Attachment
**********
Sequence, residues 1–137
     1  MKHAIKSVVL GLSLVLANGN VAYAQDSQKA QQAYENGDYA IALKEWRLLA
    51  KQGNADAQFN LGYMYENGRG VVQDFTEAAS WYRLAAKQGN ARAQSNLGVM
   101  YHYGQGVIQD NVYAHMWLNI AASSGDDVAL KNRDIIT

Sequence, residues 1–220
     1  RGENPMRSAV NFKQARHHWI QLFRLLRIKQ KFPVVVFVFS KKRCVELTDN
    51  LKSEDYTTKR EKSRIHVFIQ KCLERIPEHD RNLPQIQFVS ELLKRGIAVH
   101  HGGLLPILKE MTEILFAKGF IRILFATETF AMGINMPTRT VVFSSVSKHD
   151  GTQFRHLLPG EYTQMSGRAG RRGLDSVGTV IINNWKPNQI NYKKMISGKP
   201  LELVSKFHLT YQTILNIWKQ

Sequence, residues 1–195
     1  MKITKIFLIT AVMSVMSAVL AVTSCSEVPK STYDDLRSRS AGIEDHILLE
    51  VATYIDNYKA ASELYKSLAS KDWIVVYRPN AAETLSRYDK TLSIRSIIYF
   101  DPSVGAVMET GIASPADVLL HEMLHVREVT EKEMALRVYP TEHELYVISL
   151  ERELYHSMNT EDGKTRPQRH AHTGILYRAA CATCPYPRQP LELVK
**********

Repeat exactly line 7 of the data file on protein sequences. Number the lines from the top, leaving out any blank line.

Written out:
    51  LKSEDYTTKR EKSRIHVFIQ KCLERIPEHD RNLPQIQFVS ELLKRGIAVH